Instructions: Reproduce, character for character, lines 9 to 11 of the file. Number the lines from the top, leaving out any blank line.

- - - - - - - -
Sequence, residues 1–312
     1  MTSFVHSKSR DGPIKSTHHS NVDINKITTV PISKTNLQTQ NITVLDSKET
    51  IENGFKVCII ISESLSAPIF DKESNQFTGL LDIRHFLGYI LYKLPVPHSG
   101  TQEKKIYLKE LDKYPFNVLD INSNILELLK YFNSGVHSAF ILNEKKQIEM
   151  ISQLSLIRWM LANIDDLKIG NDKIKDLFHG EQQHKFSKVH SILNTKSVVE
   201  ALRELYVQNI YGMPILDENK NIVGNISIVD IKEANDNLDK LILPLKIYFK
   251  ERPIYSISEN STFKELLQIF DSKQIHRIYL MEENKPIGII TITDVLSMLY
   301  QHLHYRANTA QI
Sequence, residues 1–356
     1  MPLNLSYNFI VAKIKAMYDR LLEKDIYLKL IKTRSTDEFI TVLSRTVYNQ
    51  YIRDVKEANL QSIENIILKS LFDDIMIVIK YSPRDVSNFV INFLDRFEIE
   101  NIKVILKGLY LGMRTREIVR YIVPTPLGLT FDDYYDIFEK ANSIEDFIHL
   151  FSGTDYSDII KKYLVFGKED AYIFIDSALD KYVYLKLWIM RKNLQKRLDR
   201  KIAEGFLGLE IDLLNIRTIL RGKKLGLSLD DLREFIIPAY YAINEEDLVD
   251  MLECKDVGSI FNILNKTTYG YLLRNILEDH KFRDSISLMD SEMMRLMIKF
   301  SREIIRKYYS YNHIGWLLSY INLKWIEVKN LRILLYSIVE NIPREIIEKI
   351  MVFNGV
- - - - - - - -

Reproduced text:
Sequence, residues 1–356
     1  MPLNLSYNFI VAKIKAMYDR LLEKDIYLKL IKTRSTDEFI TVLSRTVYNQ
    51  YIRDVKEANL QSIENIILKS LFDDIMIVIK YSPRDVSNFV INFLDRFEIE